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More than Mixology

January 19, 2013

More and more I have thought about the Bartender vs. Mixologist argument, and more and more something wasn’t settling right about it with me.  Ever since I did the post entitled “We Don’t Do Mixology Here”, there was another layer in the bottom of that that I hadn’t tasted, a part of the puzzle that was missing.

I got to chatting with my buddy Natalie Bovis aka The Liquid Muse about it as she always helps pry loose what is stuck and put my finger back on the pulse of the cocktail world.  And from this conversation, this post (now in the forth rewrite) is the result.

I think we are backwards on this argument.  A Mixologist (a person skilled in making mixed drinks), may or may not be a person who works in a bar serving drinks to the public (a bartender).  And mixology is, in fact, only ONE of the skills that makes a great bartender.

Let me say that again…..

Mixology is only ONE of the skills that make a great bartender.

Bartenders must have many skills.  In reality, it takes more than making drinks to run a bar or be a bartender.  It’s a balancing act of dozens of skills at all have to happen at once with informed, concise decisions that can’t wait for a long conversation like most other professions who have the time to call  meeting after meeting to make a move.  A bartender has to be fast on his/her feet and constantly watching, judging, and responding to a crowd of people where the dynamics change each time a new person walks in the bar or another leaves.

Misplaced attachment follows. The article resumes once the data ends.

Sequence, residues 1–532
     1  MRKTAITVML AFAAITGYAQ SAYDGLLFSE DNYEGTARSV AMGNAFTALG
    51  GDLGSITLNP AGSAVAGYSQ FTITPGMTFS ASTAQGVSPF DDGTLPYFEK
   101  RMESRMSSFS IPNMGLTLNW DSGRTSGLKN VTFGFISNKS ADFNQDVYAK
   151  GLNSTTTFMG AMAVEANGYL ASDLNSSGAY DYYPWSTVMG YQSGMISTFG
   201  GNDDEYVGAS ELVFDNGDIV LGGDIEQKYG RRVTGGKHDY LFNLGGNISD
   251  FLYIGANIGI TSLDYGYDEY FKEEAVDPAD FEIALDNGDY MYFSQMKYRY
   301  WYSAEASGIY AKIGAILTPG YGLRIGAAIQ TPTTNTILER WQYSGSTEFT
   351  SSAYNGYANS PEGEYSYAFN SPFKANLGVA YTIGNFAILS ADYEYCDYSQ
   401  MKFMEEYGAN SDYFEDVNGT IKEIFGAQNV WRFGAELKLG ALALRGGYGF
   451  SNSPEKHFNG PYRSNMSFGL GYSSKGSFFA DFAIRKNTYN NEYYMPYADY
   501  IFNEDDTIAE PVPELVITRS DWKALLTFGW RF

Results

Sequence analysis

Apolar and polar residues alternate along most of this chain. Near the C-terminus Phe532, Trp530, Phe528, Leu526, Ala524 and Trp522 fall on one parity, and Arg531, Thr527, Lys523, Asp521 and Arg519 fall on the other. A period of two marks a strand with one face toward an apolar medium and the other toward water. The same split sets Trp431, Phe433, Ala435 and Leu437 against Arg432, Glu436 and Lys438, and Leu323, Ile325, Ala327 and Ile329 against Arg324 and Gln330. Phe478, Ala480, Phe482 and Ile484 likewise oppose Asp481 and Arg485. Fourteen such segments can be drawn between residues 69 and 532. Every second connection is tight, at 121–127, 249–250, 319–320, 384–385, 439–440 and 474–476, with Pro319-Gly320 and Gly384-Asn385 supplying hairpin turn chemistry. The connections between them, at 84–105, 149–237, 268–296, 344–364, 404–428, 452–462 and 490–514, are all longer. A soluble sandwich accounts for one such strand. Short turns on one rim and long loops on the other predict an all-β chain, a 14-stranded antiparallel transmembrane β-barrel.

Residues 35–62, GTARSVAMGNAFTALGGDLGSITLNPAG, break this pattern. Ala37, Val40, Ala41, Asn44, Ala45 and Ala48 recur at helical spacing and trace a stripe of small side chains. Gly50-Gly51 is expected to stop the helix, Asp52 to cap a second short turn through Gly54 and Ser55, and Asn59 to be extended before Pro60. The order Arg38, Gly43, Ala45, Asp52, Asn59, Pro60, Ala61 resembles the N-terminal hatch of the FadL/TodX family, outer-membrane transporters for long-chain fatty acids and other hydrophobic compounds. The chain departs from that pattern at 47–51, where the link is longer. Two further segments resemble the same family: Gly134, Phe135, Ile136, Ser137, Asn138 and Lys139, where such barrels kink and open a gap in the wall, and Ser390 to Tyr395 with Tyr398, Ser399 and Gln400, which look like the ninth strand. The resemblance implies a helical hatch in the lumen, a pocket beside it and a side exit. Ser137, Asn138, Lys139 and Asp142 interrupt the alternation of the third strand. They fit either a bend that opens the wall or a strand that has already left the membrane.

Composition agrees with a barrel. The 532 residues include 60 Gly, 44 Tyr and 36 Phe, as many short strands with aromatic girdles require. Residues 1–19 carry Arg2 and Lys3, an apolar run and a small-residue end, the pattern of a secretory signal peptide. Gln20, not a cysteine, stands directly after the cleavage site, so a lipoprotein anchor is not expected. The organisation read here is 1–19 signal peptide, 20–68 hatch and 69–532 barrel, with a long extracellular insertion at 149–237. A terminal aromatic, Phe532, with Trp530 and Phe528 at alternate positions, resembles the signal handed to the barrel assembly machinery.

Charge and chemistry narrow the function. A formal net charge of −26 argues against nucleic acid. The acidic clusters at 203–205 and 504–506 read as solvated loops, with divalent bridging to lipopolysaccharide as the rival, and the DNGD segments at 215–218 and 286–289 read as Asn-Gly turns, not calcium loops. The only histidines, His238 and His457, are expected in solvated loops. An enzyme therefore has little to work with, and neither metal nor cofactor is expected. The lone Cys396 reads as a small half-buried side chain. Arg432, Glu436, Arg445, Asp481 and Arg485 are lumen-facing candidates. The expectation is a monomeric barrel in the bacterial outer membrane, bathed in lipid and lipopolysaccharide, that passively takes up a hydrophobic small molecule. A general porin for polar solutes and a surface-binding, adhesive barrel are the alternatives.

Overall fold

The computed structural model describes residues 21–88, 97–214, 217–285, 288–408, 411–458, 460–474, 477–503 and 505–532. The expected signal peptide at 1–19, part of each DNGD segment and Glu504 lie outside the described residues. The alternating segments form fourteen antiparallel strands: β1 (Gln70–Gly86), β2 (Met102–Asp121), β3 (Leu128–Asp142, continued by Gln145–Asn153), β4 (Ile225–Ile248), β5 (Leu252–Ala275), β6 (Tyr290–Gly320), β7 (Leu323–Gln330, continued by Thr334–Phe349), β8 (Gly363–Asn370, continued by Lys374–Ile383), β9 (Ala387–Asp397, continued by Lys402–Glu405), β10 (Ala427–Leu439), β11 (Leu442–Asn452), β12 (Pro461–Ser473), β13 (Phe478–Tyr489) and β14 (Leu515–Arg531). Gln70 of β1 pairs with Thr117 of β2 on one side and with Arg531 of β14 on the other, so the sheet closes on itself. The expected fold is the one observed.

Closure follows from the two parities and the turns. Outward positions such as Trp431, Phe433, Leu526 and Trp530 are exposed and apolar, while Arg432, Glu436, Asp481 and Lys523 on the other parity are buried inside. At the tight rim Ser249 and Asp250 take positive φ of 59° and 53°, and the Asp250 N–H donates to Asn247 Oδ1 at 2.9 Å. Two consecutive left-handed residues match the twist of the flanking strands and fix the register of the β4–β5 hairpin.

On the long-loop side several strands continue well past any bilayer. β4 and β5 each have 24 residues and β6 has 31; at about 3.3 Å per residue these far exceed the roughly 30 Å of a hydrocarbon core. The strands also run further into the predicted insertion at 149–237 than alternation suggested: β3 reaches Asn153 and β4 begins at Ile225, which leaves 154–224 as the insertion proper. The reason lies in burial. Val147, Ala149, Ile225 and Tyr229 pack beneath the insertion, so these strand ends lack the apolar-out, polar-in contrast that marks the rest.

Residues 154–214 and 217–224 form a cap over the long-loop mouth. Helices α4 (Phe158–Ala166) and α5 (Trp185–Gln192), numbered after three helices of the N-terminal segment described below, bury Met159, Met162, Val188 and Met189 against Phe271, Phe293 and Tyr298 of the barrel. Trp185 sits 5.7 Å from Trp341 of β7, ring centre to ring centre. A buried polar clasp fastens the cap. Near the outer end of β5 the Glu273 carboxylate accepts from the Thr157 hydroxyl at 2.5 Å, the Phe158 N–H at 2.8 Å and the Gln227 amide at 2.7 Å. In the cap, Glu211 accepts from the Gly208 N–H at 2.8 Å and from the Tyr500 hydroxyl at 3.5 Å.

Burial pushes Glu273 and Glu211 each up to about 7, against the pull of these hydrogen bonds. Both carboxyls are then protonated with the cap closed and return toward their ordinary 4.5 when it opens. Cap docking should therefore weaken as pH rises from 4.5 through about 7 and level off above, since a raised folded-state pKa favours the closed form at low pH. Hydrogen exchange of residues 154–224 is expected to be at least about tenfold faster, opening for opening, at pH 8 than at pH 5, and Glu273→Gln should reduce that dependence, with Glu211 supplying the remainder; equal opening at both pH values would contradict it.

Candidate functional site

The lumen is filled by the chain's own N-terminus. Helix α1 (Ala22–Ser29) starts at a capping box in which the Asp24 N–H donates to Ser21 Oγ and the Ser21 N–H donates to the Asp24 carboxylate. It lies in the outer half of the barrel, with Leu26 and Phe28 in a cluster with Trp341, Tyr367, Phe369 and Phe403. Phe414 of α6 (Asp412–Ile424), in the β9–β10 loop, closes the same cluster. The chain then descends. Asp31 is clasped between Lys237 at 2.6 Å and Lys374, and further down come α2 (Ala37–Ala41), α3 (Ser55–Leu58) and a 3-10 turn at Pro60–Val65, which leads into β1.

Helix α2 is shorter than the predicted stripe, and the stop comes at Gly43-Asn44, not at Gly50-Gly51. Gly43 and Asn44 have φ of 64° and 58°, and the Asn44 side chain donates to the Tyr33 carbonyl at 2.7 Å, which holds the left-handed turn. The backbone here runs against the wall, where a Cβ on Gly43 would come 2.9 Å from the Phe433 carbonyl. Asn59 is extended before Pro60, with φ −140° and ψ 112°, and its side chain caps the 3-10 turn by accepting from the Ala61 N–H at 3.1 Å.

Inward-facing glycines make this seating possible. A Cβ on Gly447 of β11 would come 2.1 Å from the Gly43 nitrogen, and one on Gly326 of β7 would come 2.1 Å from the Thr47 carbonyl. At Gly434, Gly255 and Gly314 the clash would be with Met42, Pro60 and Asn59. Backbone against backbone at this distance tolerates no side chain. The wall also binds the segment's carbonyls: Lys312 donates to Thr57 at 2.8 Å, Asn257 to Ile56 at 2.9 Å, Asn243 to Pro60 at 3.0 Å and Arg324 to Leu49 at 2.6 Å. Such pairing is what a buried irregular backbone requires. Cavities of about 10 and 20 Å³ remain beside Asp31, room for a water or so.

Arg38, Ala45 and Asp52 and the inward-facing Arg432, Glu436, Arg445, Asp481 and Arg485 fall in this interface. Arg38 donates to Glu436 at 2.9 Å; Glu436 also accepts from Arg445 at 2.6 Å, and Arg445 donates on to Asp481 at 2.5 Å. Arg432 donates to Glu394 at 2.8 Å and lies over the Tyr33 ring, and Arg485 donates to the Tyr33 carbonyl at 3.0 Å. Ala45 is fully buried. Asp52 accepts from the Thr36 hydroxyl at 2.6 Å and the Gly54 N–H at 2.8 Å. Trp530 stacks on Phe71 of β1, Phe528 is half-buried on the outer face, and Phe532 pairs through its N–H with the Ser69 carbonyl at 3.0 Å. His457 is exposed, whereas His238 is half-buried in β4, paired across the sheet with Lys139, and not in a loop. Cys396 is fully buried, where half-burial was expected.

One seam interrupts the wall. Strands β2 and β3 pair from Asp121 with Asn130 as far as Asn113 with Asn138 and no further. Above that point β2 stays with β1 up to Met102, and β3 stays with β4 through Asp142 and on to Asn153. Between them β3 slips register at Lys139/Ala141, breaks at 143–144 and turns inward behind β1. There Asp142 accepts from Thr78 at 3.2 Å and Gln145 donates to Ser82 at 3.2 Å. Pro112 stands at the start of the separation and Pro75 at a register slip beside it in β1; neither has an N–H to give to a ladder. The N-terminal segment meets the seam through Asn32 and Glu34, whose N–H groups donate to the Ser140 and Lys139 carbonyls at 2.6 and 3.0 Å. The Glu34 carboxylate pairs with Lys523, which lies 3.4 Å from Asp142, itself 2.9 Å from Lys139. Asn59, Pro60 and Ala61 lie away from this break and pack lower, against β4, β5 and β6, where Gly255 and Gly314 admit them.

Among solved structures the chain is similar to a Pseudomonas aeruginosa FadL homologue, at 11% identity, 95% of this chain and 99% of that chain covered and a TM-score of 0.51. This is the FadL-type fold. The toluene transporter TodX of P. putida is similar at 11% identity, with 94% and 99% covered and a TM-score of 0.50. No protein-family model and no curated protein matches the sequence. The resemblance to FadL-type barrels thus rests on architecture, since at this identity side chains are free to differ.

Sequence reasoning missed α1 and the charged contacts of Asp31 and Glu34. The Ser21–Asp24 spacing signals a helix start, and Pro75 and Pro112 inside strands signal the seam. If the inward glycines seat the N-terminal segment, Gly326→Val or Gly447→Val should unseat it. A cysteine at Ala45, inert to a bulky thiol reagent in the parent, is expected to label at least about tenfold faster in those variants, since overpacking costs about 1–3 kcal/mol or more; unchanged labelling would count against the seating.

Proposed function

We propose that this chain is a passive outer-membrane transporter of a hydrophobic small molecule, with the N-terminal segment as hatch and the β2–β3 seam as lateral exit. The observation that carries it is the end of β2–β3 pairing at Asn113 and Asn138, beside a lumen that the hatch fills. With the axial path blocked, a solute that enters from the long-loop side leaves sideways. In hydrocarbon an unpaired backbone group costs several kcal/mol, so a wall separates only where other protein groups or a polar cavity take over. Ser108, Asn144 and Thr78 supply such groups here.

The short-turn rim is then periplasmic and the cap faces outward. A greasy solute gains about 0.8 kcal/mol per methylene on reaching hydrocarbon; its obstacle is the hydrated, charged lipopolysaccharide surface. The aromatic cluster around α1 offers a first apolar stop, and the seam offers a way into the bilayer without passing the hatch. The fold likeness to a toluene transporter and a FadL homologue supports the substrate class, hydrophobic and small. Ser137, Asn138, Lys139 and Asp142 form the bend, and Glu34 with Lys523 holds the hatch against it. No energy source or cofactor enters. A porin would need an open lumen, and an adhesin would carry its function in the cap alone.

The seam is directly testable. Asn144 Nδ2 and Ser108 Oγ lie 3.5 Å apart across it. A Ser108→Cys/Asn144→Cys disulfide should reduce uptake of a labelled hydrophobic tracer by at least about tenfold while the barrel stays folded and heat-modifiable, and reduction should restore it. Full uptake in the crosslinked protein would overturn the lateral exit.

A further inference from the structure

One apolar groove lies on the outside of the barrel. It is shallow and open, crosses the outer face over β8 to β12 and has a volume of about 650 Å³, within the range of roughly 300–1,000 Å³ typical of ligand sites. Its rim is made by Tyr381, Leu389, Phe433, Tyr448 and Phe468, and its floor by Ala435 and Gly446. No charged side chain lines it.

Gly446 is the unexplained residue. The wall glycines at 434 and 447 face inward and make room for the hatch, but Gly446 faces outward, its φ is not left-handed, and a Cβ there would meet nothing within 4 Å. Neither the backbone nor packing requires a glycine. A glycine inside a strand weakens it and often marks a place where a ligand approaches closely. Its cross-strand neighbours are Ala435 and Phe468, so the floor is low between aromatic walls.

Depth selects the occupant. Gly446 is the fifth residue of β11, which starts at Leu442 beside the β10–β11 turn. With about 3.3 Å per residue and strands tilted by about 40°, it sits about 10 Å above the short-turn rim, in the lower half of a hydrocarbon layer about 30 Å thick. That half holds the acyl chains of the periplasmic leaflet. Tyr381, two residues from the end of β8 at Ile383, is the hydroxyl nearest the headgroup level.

Let me give you an example:

Bartender speaking to a new two new guests coming in,” HI, How are you tonight?”

Guests “We’re great thanks!”

Bartender,” What can I get you to drink?”

Guest 1,” I’ll have a vodka and soda.”

Guest 2” Shot of whiskey and a beer.”

Bartender,” Great may I see your ID’s?”

Guests pass along ID”S

Now, in this short 10 second interaction, the bartender has sized up the relationship between the two guests, looked at how they are dressed and their attitudes deciding what the occasion for the visit to the bar is, taken into account the time, and watched their body language, and listened to their speech to determine their moods and established how much, if anything, have they already had to drink.  10 seconds.  Keep in mind that this is done, calculated and remembered for every patron in the bar.